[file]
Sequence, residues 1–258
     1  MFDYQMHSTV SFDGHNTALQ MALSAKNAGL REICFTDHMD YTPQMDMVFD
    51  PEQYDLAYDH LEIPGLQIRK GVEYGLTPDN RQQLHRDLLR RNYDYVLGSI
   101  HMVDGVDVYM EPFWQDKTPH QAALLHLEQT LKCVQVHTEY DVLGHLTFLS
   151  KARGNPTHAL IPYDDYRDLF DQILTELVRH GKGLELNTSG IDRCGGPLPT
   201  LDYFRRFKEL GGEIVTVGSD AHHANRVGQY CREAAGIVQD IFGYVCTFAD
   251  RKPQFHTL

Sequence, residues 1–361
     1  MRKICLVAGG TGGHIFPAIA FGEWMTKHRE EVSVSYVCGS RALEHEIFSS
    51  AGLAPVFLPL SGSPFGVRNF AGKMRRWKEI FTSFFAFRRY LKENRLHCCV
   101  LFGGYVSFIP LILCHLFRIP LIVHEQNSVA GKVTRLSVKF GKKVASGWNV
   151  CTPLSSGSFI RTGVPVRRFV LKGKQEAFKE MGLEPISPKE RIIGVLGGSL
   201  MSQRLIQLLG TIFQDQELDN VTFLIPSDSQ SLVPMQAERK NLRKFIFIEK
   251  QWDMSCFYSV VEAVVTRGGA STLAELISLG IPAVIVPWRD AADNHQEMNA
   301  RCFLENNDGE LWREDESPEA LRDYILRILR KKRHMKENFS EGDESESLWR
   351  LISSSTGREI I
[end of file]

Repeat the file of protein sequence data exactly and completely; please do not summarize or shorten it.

Sequence, residues 1–258
     1  MFDYQMHSTV SFDGHNTALQ MALSAKNAGL REICFTDHMD YTPQMDMVFD
    51  PEQYDLAYDH LEIPGLQIRK GVEYGLTPDN RQQLHRDLLR RNYDYVLGSI
   101  HMVDGVDVYM EPFWQDKTPH QAALLHLEQT LKCVQVHTEY DVLGHLTFLS
   151  KARGNPTHAL IPYDDYRDLF DQILTELVRH GKGLELNTSG IDRCGGPLPT
   201  LDYFRRFKEL GGEIVTVGSD AHHANRVGQY CREAAGIVQD IFGYVCTFAD
   251  RKPQFHTL

Sequence, residues 1–361
     1  MRKICLVAGG TGGHIFPAIA FGEWMTKHRE EVSVSYVCGS RALEHEIFSS
    51  AGLAPVFLPL SGSPFGVRNF AGKMRRWKEI FTSFFAFRRY LKENRLHCCV
   101  LFGGYVSFIP LILCHLFRIP LIVHEQNSVA GKVTRLSVKF GKKVASGWNV
   151  CTPLSSGSFI RTGVPVRRFV LKGKQEAFKE MGLEPISPKE RIIGVLGGSL
   201  MSQRLIQLLG TIFQDQELDN VTFLIPSDSQ SLVPMQAERK NLRKFIFIEK
   251  QWDMSCFYSV VEAVVTRGGA STLAELISLG IPAVIVPWRD AADNHQEMNA
   301  RCFLENNDGE LWREDESPEA LRDYILRILR KKRHMKENFS EGDESESLWR
   351  LISSSTGREI I